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Low vitamin D levels again linked to higher death risk

Oct 01, 2009

Low levels of vitamin D may increase the risk of dying from all causes by 150%, according to the results of a new study that included 714 independently living, elderly women between the ages of 70 to 79 who were participating in the Women's Health and Aging Studies I and II and who were followed for 6-years on average. For the study Johns Hopkins researchers worked in collaboration with scientists from Wake Forest University, National Institute on Aging, University of Pennsylvania, and Columbia University.

It was found that women with blood levels of the inactive form of Vitamin D, lower than 15.3 nanograms per millilitre were more likely to die from causes such as heart disease and cancer, than women with higher levels (above 27 ng/ml). This is not the first study of its type to show increased likelihoods of dying in the elderly who are low in the nutrient. The researchers noted that several biologic mechanisms could explain a causal relationship between vitamin D deficiency and mortality, with the vitamin’s active form (1,25-dihydroxyvitamin D) linked to a range of effects including control of inflammatory compounds, regulating immune health and blood pressure, or reducing arterial hardening. “The role that vitamin D plays in different tissues may account for the associations between vitamin D deficiency and cardiovascular disease, cancer, and mortality,” they said.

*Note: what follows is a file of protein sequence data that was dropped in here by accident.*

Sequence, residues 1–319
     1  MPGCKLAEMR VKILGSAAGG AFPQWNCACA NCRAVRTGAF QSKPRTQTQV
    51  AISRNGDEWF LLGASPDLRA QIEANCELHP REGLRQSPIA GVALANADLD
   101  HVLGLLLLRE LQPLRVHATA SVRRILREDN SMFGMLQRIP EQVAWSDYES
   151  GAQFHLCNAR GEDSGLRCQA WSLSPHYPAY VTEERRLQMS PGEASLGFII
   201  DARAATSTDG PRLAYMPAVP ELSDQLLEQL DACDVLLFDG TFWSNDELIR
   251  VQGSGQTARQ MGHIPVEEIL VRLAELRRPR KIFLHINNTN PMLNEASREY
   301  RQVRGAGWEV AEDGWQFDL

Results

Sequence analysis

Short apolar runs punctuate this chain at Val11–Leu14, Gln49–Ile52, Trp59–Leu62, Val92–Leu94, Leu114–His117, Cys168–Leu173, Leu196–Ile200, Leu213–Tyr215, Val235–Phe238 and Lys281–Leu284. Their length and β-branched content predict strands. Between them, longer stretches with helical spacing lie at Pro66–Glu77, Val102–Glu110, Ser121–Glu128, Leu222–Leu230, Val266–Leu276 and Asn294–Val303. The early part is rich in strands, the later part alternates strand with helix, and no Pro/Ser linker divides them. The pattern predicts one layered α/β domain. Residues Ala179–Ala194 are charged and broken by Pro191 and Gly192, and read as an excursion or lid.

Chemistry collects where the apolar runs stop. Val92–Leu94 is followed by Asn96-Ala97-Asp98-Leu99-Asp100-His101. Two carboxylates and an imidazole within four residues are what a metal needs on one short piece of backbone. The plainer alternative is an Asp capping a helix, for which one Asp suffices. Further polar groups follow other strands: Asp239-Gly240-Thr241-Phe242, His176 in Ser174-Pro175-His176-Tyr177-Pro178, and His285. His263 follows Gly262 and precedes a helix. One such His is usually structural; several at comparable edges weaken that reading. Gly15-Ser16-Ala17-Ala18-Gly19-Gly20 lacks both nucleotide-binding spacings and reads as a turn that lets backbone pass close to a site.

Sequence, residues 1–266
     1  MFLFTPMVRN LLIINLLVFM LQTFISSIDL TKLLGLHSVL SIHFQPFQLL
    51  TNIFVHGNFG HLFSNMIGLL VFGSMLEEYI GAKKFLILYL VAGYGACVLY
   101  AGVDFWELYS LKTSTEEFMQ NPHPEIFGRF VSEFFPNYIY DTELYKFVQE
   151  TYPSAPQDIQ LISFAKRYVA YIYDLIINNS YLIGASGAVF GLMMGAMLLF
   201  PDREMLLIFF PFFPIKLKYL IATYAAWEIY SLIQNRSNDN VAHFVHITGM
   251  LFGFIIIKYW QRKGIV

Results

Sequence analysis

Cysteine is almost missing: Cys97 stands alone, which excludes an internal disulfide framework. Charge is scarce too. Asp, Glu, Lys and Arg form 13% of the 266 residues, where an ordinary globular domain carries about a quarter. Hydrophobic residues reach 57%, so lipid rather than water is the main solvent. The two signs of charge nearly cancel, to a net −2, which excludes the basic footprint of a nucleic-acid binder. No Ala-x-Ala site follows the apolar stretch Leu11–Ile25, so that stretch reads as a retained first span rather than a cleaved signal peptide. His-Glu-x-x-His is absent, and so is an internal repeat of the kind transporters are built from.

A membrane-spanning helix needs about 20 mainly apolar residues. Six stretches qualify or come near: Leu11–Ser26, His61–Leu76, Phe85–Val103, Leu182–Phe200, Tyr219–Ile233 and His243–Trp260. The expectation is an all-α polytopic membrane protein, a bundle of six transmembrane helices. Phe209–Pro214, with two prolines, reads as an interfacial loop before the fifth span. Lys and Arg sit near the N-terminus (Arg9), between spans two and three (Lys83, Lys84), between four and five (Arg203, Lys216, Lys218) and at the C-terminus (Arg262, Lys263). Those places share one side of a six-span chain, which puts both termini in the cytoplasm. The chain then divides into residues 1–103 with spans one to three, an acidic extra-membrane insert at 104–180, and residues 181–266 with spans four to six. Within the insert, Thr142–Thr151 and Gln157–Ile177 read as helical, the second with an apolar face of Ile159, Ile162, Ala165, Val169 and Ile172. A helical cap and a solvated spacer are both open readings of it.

During 6 years of follow-up, 100 of the 714 women died with the main causes of death included cardiovascular disease (36 %), respiratory disease (18 %), cancer (15 %), and other causes (27 %), state the researchers. When the researchers divided women into four groups (quartiles) according to their inactive Vitamin D levels, the proportion of women who died in during those 6 years in each quartile (from lowest to highest) was 19, 13 %, 15%, and 8.1 %, said the researchers. Increasing blood levels of vitamin D were linked to increasing survival rates, with women with the lowest average 25(OH)D levels having “significantly worse survival” than women with the highest average levels of 25(OH)D. The study results are published in the journal Nutrition Research